Share
Rant with Randi

Rant With Randi: Actions should have consequences

Randi Crawford
Randi Crawford

If you read my last article, I discussed the 2015 “Party trend” that involves kids storming to residential homes without an invite, bringing alcohol and having no respect for authority when told to leave. After reading recent headlines and watching the news, I feel moved to write about the bigger issue going on today: People in general have no respect for authority. Even if you don’t follow the news regularly, you would still know that policemen are getting shot and killed for absolutely no reason. There are the officers in Hattiesburg Mississippi, the recent “officer” killing in Illinois and the “execution style” shooting of a sheriff’s deputy when he was simply putting gas in his patrol car. These events are sickening and unnecessary.

A shining example of our lack of respect is the story about the football players from San Antonio Texas, who attacked the referee. This wasn’t just a verbal attack; it was two defensive players delivering a blind side hit to back of referee, Robert Watts. It’s one of the most violent things I’ve ever seen in football, in fact ever. Before the play, the two boys are facing the ref, whose back is to them. The first player runs full speed into the ref, knocking him to the ground. The second player then comes running full speed and pummels into Watts with his helmet. The referee is policing the game, and once again, we exhibit NO respect. What in the hell makes kids think that they can violently maliciously attack a referee? I have an answer to that later in this rant. Now the boys are claiming that the assistant coach said, “That guy needs to pay for cheating us,” and told them to do it. I don’t know the details as to whether or not he told the kids to attack the ref, and frankly, I don’t care. They all need to go to jail. Within one week of that incident, another high school football player from Texas hit and shoved a referee for throwing a flag and breaking up a fight between two teams. The kid was ejected from the game, big deal? I want to know why people believe the law applies to everyone else, and not to them?

I believe that the John Jay team needs to be suspended for a minimum of three years, and the two defensive players should be in jail. This is not a case of boys having a bad day, or a bad game. This isn’t a case about a referee making racial slurs. This is a major lack of respect, coupled with violent behavior, that if not given a severe consequence, will most likely lead to much bigger and worse violent crimes. With this type of deep-seated aggression, these kids are the ones that will go on to college and who knows what they are capable of doing both on and off the field (especially to women). If they aren’t punished, we are failing them and we are failing ourselves as a society. The term “actions have consequences” means that you take an action, and if it’s not a good choice, you have to pay a consequence. If we never impose a consequence, then what’s the point of having rules? How do you get kids to “think before they act” if we don’t impose punishment? The team already held a practice the very next week. What kind of message does that send? Are we telling them that it’s okay to randomly and violently attack a ref and still play ball? A coach should encourage sportsmanship, not violence. This should never be tolerated in any sport at any level.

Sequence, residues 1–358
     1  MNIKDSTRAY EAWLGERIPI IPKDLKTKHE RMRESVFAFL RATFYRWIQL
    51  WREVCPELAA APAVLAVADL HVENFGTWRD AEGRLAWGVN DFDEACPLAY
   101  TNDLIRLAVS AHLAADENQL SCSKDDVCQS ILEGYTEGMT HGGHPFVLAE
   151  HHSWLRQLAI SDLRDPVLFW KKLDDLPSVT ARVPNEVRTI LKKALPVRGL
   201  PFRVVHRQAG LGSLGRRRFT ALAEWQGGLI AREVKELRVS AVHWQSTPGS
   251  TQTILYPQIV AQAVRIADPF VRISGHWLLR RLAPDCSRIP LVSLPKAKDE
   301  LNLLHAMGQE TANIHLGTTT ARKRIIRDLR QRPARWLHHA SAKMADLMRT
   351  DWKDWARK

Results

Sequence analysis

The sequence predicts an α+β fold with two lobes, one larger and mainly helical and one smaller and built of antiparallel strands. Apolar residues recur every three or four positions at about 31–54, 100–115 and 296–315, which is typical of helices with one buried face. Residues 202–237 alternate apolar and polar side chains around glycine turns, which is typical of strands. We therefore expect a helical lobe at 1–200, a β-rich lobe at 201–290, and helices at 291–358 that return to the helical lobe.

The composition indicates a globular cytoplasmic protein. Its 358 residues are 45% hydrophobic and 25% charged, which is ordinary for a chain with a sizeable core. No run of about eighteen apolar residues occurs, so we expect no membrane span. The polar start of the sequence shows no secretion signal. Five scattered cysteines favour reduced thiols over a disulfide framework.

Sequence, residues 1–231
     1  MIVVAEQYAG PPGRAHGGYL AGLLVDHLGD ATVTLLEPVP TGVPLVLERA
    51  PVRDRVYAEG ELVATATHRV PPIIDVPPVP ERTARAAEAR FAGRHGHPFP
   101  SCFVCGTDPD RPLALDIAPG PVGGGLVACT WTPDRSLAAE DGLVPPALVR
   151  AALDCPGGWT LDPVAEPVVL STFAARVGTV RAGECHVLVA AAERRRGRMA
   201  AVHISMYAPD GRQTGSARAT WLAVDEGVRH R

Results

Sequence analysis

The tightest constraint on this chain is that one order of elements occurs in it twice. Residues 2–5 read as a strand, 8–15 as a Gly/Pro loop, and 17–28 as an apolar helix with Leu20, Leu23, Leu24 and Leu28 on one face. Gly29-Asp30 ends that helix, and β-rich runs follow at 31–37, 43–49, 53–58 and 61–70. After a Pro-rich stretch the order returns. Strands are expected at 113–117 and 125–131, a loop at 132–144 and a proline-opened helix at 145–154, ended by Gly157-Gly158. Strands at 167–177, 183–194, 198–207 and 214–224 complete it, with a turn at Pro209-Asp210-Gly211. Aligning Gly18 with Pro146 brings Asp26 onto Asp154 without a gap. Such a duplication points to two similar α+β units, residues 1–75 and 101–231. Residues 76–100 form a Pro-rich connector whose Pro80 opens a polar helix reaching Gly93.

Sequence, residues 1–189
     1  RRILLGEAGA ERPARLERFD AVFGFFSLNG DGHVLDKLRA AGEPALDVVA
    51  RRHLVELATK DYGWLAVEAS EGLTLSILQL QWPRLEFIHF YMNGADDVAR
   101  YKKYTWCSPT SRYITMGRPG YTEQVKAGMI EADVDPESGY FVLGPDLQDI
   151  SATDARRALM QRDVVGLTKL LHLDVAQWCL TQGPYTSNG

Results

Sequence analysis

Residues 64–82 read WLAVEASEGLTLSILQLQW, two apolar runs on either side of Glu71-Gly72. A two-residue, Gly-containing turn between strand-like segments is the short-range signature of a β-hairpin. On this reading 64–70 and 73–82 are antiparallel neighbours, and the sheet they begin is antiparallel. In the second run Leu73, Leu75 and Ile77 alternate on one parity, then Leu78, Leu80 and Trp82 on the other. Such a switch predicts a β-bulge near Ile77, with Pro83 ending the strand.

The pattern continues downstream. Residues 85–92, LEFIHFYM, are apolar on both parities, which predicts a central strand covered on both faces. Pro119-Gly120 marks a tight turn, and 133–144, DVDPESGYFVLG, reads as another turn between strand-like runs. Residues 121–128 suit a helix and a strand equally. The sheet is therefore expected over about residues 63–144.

Advertisement

Shooting the police is not OK. Showing up at people’s homes with alcohol, underage, when you aren’t invited is not OK. Attacking referees is not OK. As a society, we need to start taking drastic measures against those who break the law. If you are underage, we need to stop worrying about how the consequences could impact your future with regard to college admission. People need to realize that crime does not pay ... before they commit the crime. I’m terribly frustrated and believe that we are going downhill fast.

What say you? Email me at www.randiccrawford@gmail.com.


Stay Connected
Get the Del Mar Times in your inbox
Advertisement